The Magic of Monza

Elisha Chauhan asks Monza how it plans to reinvigorate the venue’s magic following Bernie Ecclestone’s threat to drop the historic track.

The Autodromo Nazionale Monza is one of the oldest Formula One circuits – hosting the Italian grand prix every season since the inaugural 1950 world championship, with only the exception of 1980, when Monza was closed for renovations and the race moved to the Autodromo Enzo e Dino Ferrari (Imola) circuit.

But despite its heritage, Formula One commercial boss Bernie Ecclestone said last month he did not foresee an extension of Monza’s hosting contract beyond 2016.

“It’s not good,” he told Italian newspaper Gazzetta dello Sport. “I don’t think we’ll do another contract as the old one has been disastrous for us from a commercial point of view. So it’s bye-bye after 2016.”

Monza reportedly pays a significantly lower hosting fee than other European races due to its links with the Italian Ferrari racing team that previously attracted a huge following. However, the team has only managed to win one Italian grand prix – with Fernando Alonso in 2010 – following driver Michael Schumacher’s dominance of the world championship with Ferrari between 2000 and 2006.

It’s this underperformance that Ecclestone, partly, attributes Monza’s commercial struggles, with the 83-year-old stating that Italy’s TV viewership is lower than other regions: “If Ferrari started to end up first and second in qualifying and races…TV ratings would improve everywhere. Ferrari is a worldwide passion.”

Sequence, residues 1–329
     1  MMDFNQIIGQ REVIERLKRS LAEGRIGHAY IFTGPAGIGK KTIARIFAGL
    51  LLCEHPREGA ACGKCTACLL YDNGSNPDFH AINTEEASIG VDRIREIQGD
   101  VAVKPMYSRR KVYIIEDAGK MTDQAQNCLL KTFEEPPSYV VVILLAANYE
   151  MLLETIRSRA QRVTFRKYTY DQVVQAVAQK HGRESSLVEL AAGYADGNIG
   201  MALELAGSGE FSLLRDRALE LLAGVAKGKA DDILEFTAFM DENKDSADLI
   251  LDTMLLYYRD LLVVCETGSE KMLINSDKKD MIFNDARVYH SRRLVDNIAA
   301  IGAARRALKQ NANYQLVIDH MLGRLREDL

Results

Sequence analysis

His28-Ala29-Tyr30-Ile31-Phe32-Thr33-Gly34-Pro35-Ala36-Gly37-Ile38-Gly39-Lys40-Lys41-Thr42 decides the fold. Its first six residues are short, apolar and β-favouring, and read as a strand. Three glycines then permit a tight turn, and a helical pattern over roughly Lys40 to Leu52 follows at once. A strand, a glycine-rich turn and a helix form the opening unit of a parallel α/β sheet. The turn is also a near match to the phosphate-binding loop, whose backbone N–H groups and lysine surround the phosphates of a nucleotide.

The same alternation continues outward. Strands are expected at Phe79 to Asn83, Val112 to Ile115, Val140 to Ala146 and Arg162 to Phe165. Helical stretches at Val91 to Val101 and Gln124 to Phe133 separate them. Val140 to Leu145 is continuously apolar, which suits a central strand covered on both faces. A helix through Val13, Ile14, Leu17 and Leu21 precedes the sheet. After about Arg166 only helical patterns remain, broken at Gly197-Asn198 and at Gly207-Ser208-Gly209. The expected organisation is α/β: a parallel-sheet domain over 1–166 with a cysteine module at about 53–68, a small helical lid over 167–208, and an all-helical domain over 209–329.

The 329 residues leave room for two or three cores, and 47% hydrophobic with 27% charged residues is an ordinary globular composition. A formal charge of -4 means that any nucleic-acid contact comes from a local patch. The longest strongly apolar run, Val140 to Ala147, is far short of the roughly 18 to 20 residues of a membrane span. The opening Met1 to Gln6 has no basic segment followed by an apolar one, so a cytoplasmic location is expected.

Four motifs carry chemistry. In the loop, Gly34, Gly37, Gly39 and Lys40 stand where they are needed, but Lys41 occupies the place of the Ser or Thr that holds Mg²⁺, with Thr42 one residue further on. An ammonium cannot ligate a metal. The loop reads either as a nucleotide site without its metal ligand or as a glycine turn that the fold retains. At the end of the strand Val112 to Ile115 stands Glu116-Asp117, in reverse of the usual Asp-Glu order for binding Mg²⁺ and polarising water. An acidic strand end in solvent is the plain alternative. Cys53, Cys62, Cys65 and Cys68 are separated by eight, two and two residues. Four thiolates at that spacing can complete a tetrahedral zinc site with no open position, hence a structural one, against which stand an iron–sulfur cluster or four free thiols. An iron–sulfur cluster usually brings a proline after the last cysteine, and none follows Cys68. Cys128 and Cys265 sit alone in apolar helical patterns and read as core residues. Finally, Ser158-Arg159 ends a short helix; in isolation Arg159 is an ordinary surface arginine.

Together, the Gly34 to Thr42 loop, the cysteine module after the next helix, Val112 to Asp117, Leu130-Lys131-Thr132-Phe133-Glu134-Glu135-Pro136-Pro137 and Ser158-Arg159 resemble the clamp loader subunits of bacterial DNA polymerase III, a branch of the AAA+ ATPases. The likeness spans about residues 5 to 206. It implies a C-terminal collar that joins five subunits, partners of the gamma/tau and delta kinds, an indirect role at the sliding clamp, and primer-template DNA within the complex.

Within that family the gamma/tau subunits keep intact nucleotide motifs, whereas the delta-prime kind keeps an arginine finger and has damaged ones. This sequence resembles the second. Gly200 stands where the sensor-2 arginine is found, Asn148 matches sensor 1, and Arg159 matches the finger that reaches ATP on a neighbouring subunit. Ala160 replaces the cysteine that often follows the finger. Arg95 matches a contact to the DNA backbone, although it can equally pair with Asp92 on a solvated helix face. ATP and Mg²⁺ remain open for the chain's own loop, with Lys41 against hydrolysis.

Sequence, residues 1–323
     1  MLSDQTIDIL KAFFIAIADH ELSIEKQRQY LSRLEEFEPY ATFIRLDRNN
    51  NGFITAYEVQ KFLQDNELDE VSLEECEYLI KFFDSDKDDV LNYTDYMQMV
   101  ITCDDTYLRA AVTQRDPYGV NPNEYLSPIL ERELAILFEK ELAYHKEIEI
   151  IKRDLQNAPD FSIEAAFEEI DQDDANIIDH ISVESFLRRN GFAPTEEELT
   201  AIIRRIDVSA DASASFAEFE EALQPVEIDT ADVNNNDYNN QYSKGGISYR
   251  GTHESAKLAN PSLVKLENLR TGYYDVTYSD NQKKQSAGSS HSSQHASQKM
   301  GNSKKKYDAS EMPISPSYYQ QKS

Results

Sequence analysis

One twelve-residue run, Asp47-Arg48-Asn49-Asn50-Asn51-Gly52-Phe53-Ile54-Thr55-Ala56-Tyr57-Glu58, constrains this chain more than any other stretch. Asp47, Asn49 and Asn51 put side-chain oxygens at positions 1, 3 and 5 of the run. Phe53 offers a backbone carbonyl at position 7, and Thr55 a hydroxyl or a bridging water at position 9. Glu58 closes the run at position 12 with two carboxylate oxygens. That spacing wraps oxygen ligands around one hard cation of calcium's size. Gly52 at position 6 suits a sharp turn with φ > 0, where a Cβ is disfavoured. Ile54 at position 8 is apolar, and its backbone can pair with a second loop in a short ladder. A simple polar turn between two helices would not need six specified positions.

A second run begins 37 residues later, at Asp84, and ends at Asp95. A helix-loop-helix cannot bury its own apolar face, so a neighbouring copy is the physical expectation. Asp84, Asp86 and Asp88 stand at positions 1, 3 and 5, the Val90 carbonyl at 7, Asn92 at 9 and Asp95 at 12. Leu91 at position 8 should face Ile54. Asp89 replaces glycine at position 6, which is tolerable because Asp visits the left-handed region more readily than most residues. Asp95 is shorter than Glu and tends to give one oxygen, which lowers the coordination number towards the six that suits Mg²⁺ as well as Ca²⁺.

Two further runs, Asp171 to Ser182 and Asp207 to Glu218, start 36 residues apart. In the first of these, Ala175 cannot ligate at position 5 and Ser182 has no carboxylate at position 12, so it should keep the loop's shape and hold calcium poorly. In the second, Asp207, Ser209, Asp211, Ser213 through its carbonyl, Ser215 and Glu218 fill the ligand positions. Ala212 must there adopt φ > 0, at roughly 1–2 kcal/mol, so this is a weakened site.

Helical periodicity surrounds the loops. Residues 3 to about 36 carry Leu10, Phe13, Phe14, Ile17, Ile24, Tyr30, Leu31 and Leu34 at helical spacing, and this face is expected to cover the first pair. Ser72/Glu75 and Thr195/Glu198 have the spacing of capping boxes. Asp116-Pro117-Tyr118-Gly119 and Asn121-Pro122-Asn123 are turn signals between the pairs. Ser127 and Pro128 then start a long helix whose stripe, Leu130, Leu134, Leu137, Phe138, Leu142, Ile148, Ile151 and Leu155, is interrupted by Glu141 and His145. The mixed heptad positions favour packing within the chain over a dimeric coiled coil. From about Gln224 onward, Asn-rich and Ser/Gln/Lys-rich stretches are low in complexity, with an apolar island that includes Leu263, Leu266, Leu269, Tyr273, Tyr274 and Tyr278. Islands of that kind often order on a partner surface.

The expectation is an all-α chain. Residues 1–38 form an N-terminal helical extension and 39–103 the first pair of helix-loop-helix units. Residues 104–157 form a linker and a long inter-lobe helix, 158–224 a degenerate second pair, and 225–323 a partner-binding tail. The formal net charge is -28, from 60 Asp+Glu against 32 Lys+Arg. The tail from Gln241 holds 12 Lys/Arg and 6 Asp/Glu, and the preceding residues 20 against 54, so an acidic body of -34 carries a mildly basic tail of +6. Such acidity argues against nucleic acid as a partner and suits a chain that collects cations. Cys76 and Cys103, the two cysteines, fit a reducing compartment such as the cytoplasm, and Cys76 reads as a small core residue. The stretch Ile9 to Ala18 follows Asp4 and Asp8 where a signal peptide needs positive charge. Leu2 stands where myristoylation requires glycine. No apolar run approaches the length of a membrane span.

The [Monza contract] has
been disastrous for us
from a commercial point
of view. So it's bye-bye
after 2016

In response to Ecclestone’s comments, Monza’s head of Formula One operations, Federico Bendinelli, says that the hosting deals venues have to sign are far less favourable for the circuits, commercially, than in the past. Monza signed its current six-year hosting contract extension in 2010.

“We are in discussions with Bernie Ecclestone regarding renewal after 2016, but at the moment we are not moving forward very fast with that,” Bendinelli told SportBusiness International. “In the past, the contracts were more favourable for circuits like Monza, and not like the new circuit deals. It’s a very old contract and that’s why Bernie made those comments.”

Monza has a capacity of around 115,000, but in the last decade raceday attendances are understood to have dropped below 95,000 at times. Asked if Ferrari’s decreasing dominance in Formula One is affecting attendance at the Italian grand prix, Bendinelli admits that it is something his team is fearful of, “but we hope that is not the case”.

“Like all the other grands prix, we also have some worries about low attendance because of the economic situation around the world,” he adds.

In a bid to keep its hosting rights, the circuit will undergo five years of renovations beginning this year. Meanwhile, a potential extension will be discussed with Ecclestone at this year’s race weekend in Monza at the beginning of September.

“There is a renovation project for the track and everything around the circuit that we are planning to take further. We plan to upgrade one area – covering the grandstands, track and facilities – each year,” Bendinelli says.

“At the moment it’s not easy to say how much we will spend, because it would come from public money as the circuit is not privately owned, however the investment will be at least €10 million.”

Although the terms of the agreement will be handled by a new board, following venue operator ACM (Automobile Club Milano)’s board election on July 22, Bendinelli says he would like to see an extension until 2020, which is the year that the Concorde Agreement between Ecclestone and the race teams also comes to an end.

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